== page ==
Facilitators also have to understand the different way that the online version of the game is played. The students were not together (except on Zoom), indeed they were mostly sitting in individual study bedrooms with a laptop, so the way the game works has adapted. Instead of all the students working in teams to create a single World, it works better online to have multiple Worlds created and then move to rich plenary sessions for cross-discussion on how the different Worlds developed. In our case we had three groups with ten students in each group creating their own World. Each World had its own facilitator. These smaller groups were very successful in generating the vigorous interaction that is essential for the game to be effective, replicating the ‘feel’ of the in-person version of the game with much negotiation and (yes, again!) some arguments.

How was it for ‘them’?

A definite positive was that many of the student participants in the 2030 SDG Game experienced a degree of interaction and teamwork that it can be difficult to generate in other online learning environments. Most also enjoyed the experience and learned about the need for, and the power of, collaboration to meet wider goals. Some also recorded a ‘moment of realisation’ about the state of the World and the work to be done by 2030 – a key objective of the 2030 SDG Game.

Really important for us at the Global Academy though were some outcomes from the Game that we can learn from and take forward into future workshops. This feels like a bonus from having such a powerfully knowledgeable early group playing the online version.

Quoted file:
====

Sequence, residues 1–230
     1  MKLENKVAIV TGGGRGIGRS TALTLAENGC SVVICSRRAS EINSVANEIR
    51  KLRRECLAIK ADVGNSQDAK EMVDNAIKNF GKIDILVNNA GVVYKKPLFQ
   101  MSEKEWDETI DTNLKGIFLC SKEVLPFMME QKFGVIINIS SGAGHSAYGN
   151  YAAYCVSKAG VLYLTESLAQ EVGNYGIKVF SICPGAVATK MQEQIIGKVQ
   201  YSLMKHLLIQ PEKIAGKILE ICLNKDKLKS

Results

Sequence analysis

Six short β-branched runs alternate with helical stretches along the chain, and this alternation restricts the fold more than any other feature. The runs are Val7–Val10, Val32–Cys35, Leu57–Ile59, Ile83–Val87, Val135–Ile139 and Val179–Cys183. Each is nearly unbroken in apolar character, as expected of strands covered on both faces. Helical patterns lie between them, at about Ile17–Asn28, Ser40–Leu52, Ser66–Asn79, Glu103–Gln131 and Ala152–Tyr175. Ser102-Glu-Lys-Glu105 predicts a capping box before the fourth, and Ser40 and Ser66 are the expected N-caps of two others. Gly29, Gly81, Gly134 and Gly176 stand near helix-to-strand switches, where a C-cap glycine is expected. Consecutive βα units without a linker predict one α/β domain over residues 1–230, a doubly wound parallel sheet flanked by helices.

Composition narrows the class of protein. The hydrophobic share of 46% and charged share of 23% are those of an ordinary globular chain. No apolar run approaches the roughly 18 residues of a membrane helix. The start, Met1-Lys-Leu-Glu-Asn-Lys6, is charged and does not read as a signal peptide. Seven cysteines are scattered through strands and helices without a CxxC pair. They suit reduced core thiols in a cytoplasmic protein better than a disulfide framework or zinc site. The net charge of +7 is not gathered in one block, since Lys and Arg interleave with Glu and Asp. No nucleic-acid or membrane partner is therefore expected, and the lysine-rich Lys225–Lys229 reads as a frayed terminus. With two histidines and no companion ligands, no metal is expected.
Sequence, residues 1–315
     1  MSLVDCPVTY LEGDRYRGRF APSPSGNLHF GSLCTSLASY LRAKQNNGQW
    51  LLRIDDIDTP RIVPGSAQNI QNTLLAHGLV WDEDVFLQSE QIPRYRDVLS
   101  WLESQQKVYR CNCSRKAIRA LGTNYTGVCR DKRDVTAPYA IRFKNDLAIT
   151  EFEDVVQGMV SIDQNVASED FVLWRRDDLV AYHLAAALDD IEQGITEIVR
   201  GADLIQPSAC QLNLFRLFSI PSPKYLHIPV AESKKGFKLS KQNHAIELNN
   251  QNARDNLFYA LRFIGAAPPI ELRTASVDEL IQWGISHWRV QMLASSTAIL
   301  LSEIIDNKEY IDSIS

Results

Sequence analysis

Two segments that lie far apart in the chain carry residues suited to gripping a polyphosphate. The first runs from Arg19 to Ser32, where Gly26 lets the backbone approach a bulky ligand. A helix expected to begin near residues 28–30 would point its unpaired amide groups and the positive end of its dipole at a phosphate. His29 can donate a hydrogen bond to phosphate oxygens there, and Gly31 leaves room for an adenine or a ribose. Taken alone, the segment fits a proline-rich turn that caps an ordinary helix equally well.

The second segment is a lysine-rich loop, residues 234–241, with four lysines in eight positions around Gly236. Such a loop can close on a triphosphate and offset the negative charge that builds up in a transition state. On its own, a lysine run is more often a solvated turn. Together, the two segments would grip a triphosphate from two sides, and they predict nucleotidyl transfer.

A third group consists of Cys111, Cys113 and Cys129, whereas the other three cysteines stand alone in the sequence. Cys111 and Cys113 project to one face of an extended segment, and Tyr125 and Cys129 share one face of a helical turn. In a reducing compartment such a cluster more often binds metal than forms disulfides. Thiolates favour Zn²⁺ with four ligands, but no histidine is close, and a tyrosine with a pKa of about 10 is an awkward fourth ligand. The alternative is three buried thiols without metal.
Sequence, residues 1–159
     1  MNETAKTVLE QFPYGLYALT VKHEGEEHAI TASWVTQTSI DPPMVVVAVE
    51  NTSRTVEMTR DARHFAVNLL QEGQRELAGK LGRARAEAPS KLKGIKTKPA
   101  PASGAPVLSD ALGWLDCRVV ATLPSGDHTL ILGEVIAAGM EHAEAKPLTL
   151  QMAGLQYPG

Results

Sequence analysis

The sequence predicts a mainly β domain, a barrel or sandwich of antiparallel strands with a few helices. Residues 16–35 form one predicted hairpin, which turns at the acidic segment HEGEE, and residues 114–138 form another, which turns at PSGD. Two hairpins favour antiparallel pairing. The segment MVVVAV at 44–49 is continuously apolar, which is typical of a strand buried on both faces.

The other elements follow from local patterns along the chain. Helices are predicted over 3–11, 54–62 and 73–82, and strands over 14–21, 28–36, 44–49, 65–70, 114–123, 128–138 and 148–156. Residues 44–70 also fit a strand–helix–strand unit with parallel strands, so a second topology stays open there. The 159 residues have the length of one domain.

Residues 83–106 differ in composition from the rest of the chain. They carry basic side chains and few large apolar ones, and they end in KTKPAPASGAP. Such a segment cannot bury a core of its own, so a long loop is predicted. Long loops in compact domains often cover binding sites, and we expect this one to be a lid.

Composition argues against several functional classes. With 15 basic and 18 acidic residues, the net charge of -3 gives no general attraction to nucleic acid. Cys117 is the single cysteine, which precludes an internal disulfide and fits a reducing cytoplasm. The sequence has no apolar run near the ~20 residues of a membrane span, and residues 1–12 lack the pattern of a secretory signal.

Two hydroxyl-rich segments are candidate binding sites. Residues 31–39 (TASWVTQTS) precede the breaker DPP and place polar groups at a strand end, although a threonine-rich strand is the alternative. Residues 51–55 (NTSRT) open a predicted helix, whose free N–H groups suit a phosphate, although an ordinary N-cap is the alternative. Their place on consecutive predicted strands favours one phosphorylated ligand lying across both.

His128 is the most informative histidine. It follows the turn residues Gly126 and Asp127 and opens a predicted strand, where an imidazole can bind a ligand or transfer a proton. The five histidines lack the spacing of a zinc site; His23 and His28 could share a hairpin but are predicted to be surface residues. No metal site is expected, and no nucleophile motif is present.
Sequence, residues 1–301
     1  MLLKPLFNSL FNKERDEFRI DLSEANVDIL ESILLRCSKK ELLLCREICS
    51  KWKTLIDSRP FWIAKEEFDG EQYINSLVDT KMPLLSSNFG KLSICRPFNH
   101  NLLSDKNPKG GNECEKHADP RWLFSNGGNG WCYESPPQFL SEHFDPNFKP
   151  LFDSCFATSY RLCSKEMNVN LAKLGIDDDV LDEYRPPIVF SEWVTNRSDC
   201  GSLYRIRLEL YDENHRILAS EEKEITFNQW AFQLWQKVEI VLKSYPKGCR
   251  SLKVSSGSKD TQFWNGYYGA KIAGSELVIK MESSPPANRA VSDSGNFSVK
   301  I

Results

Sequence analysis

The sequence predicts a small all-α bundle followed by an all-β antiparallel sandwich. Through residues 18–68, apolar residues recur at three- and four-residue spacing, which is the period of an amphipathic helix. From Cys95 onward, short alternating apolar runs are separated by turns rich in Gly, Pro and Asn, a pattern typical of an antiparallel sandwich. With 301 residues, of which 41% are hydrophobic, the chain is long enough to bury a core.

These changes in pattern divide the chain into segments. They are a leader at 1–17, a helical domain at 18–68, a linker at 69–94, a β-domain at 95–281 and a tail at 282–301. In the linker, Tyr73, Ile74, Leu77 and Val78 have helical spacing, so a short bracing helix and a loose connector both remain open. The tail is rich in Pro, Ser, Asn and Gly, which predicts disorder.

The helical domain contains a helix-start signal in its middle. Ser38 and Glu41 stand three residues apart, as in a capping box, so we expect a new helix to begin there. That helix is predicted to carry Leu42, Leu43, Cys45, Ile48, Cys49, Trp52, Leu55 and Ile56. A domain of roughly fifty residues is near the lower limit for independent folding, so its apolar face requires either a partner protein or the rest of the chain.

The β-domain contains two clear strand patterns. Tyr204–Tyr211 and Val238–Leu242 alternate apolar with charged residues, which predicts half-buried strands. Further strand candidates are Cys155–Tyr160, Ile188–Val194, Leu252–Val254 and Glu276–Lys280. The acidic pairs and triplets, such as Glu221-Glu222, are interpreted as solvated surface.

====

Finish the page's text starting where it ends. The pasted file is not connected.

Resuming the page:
The first of these points was that the interaction between the students was happening on different channels, and at different times, for different groups of students. Some liked the written ‘chat’ facility, others preferred to express themselves verbally. Both generated rich veins of discussion and for future workshops we will bring these together to ensure everyone can participate across all strands of discussion. This is powerful learning for future online games.

The second important learning is one that the developers have taken away, but also the facilitators can learn from. Some participants reported that the game did not feel ‘online’ enough. They live in an online world to run their lives so this is helpful as we continue to develop the online game. It is true that there were some manual processes going on behind an online facade which led to what the students viewed as unnecessary waiting and therefore wasted time. Some of this is due to be automated in future developments, but some is intended to replicate the ‘real world’ frustrations that come about because not all projects run smoothly or quickly. There is learning to be built on here.

So, do students have what it takes to change the World by 2030?

On the evidence of the actions of this group of thirty Energy Systems Masters students from Oxford University the answer should be resounding ‘yes’. The participants in the game exhibited knowledge, enquiry and determination. They quickly grasped the need for, and rapidly utilised, the power of negotiation and collaboration both to achieve their own objectives, and also to build a better World. They also developed a powerful sense of urgency and left a distinct feeling of hope for a better world by 2030 in this workshop facilitator.